When Shanghai university student Milky Guan buys cosmetics, she isn’t impressed by beauty stores and big name brands. Instead, the 20-year-old relies on a Chinese social media shopping website called Xiaohongshu, or Little Red Book, to figure out what’s hot and what’s not. On Xiaohongshu, Guan follows a popular online beauty influencer who teaches her fans how to apply makeup. During a recent livestream demonstration by the blogger, Guan snapped up four different cosmetic products within minutes—simply clicking on links embedded in the video.
Guan is among the millions of shoppers born after 1996, known as Generation Z, who are starting to upend China’s sprawling retail industry. They’ve been raised on mobile devices, and social media isn’t just where they spend time—it’s where they spend cash.
China’s Gen Z isn’t impressed by glitzy brand names and traditional advertising campaigns. Many are looking beyond the physical stores and e-commerce portals their predecessors preferred. They’re buying goods suggested by social media influencers known as wanghong. And they’re using messaging, short videos, livestreaming, and social media apps as gateways to making those purchases.
This new era in Chinese shopping offers a glimpse into the likely future of retail around the world. More than $413 billion of goods will be sold through social e-commerce in China by 2022, an almost fivefold increase from $90 billion in 2017, according to researcher Frost & Sullivan.
That has everyone from retail giant Alibaba Group Holding to upstarts such as iQiyi, China’s version of Netflix, and Bytedance, which operates the short video app TikTok, racing to lure the Gen Z dollar. “The young generation has great passion and curiosity to explore something new,” says Zhang Xiaobo, general manager of the intelligent television division at iQiyi, the country’s largest streaming video website. “They are leading the trend for a consumption upgrade, and they’re a consumer group that we can’t ignore.”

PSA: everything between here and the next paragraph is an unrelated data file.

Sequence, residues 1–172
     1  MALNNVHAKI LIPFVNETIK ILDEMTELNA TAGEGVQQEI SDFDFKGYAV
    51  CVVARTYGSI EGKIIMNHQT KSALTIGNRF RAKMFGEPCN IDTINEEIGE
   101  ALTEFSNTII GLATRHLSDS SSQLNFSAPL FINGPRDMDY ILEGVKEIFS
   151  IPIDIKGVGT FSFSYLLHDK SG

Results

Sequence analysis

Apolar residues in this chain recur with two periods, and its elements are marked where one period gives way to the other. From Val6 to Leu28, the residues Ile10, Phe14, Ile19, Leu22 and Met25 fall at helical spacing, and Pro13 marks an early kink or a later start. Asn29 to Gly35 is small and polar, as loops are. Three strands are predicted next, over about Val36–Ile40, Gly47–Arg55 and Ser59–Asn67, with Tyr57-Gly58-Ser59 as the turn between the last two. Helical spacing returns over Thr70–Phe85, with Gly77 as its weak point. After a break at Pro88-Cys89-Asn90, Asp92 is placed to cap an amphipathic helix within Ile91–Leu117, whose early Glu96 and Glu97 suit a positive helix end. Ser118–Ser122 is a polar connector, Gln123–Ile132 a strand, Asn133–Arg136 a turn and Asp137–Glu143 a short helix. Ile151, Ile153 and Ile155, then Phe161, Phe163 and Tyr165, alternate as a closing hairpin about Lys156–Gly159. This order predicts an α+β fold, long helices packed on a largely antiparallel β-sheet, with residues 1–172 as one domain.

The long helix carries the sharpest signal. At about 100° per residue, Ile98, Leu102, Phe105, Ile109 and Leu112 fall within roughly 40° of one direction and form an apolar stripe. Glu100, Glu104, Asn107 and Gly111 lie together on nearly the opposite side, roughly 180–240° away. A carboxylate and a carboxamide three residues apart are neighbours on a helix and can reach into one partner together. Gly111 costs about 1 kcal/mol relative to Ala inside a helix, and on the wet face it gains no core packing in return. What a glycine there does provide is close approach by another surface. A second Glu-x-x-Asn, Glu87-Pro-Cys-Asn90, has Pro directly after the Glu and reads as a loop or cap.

When iQiyi’s subscribers watch TV series or other shows on their computers, web links appear at the bottom of the screen. These take them to the company’s online mall, where they can buy clothes and products used by celebrities on the show.
New technology that iQiyi released in January also encourages shopping on a cellphone while watching television. Viewers who like what an actor is wearing can now purchase the item directly from their phones. They use a remote control to pull up a QR code that they scan with their phone to link directly to iQiyi’s online store to complete the purchase.
E-commerce accounts for only a small portion of iQiyi’s revenue, but it’s growing fast as young Chinese embrace new technologies, Zhang says, without providing specific numbers. Social shopping in China is expected to reach 15 percent of online sales by 2022, up from 8.5 percent in 2017, according to Frost & Sullivan.
China’s young shoppers don’t seem concerned that social media stars—also called Key Opinion Leaders, or KOLs, by marketers—are profiting from their fans. The country’s online payment systems are also highly developed, making it easy to click and buy whenever the spirit moves shoppers. And China’s Gen Z consumers—often coddled by parents and grandparents because they’re an only child, and comforted by relatively good job prospects—now represent 13 percent of household spending, compared with only 3 percent for their U.S. counterparts, according to OC&C Strategy Consultants.